Certainly, Star Wars was always more violent than Star Trek, and, curse them, the critics are right: The movies do indeed portray slaughter on a vast scale, with little attention to the emotional and spiritual consequences. Through video games and toys, boys like my son are invited to cast themselves as Luke and Han and Anakin—and kill as many bad guys as possible. No part of mass culture is asking them to stop and breathe and pay attention. And frankly, as a parent, I don’t ask my own child to do that nearly as often as I should.
Indeed, finding holes and contradictions in the philosophy of Star Wars is like shooting womp rats in a barrel.
But, I’d like to argue, that’s not the whole story. While explosions sell tickets, underneath and around them the films have consistently preached that mindfulness fosters compassion, mercy, and restraint. The mindful Jedi Knight uses violence only in defense of others, while striving to alleviate suffering. It’s when Anakin Skywalker kills the helpless Count Dooku out of revenge that he starts down the path to the dark side.
“Fear is the path to the dark side,” says Jedi Master Yoda in The Phantom Menace. “Fear leads to anger. Anger leads to hate. Hate leads to suffering.”
The first generation exposed to Star Wars as children is now middle-aged. As I discovered when I polled my contemporaries in real life and on Facebook, many of us have gradually taken Yoda’s words to heart, moving from fascination with the machinery and explosions of Star Wars to its philosophical underpinnings.
“Yoda’s fear-leads-to-anger sequence had the most influence on me,” says my buddy Dave Pai, who saw the first movie at age 9. “It helped me learn that it’s okay to adjust my expectations and let things be.” This is a sentiment echoed by several friends in a Facebook discussion. “Racism and desensitization to violence aside, Star Wars at least introduces the idea of mindfulness to the typical preteen male,” says Dave.
That’s not Yoda’s only philosophical hit. Here’s another: “Do. Or do not. There is no try.” This is advice Yoda delivers to Luke Skywalker as the apprentice attempts to use the Force to lift his X-Wing fighter out of the Dagobah swamp. My friend Auey Santos saw the movie at age 7, and she actually recalls the “there is no try” speech when she’s trying to lift her own personal X-Wings out of the swamps of her life. Yoda’s words ask us to focus on the moment we’re in and to not worry about the unknowable next one.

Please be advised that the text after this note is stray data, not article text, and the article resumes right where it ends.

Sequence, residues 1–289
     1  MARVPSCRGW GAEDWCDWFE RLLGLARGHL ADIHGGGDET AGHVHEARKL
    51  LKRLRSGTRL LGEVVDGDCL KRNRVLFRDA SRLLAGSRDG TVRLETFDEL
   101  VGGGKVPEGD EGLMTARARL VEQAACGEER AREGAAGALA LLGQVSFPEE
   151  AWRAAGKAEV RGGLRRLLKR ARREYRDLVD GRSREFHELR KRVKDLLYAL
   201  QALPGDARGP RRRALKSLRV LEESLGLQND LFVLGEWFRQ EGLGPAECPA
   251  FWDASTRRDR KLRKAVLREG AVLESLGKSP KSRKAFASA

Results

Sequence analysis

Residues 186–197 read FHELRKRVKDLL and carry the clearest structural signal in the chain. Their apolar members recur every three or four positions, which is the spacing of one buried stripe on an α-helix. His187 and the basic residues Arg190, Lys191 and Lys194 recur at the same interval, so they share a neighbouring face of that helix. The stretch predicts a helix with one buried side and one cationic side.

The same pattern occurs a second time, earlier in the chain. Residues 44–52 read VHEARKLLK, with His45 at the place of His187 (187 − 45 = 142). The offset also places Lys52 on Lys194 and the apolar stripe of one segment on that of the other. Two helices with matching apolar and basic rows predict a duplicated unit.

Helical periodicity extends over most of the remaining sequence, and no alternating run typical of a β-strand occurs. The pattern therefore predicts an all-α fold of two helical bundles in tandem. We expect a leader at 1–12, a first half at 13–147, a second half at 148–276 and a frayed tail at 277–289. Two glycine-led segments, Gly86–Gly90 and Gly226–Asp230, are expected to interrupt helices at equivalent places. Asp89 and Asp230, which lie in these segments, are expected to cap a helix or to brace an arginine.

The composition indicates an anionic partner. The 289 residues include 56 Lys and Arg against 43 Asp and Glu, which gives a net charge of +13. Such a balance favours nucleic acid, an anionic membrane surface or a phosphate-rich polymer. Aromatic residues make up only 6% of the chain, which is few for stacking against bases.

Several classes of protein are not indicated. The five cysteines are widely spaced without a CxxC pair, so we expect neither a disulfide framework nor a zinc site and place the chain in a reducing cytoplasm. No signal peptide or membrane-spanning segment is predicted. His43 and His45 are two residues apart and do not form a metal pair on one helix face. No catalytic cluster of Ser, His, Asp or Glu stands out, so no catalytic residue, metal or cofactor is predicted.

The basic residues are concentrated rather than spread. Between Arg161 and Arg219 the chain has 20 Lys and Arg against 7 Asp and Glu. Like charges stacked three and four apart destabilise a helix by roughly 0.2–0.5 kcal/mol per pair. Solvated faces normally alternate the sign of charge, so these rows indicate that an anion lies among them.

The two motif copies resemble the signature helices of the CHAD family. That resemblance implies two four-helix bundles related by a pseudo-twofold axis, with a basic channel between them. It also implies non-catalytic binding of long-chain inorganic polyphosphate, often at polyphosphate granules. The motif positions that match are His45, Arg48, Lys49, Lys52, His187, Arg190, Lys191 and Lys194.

When Chris Crass, a political organizer and author of the book Towards Collective Liberation, went through a painful dental procedure in the fourth grade, he tried to see himself as Luke Skywalker. “Whenever I started feeling pain, I heard Obi Wan saying ‘Let go Luke, use the Force,’ and I relaxed my mind and refocused away from the pain,” he says.
It’s a technique he used throughout his childhood. “It was almost always the voice of Obi Wan or Yoda instructing me to let go, to uncloud my mind, to trust my deeper intuition and believe in my inner power. I did this playing sports, taking tests, being in risk-taking situations like public speaking, and so on.”
Dave, Auey, and Chris are now all parents, and it seems that many of my generation are using Star Wars to teach the next one about mindfulness. When Chris took his Star Wars-loving nephews (ages 6 and 8) with his 18-month-old son, River, to Disneyland, he worried that the older kids would lose track of their cousin. And so whenever he’d see them forgetting about River, he’d just remind them that, “Jedi must be mindful of their Padawan.” This always refocused their attention, he says.
For my part, I often remind Liko of the Jedi when I need him to pay attention, manage negative feelings, or just clean his room without stopping every five seconds to play with his toys. Sometimes I adopt a silly Yoda voice—“Do or do not!”—that makes him slap his hand across my mouth.
“Daddy!” he says. “Stop trying to sound like Yoda!” To which I reply, “I will. When act like Luke Skywalker, you do!”
Resist this lesson now, he might. But the Force is strong within him. The deeper lessons of life that are dotted throughout the Star Wars epic will gradually sink in. As Darth might have said, “Like father, like son.”
Jeremy Adam Smith is the editor of the online magazine Greater Good, published by UC Berkeley's Greater Good Science Center, and the author of The Daddy Shift: How Stay-at-Home Dads, Breadwinning Moms, and Shared Parenting are Transforming the American Family.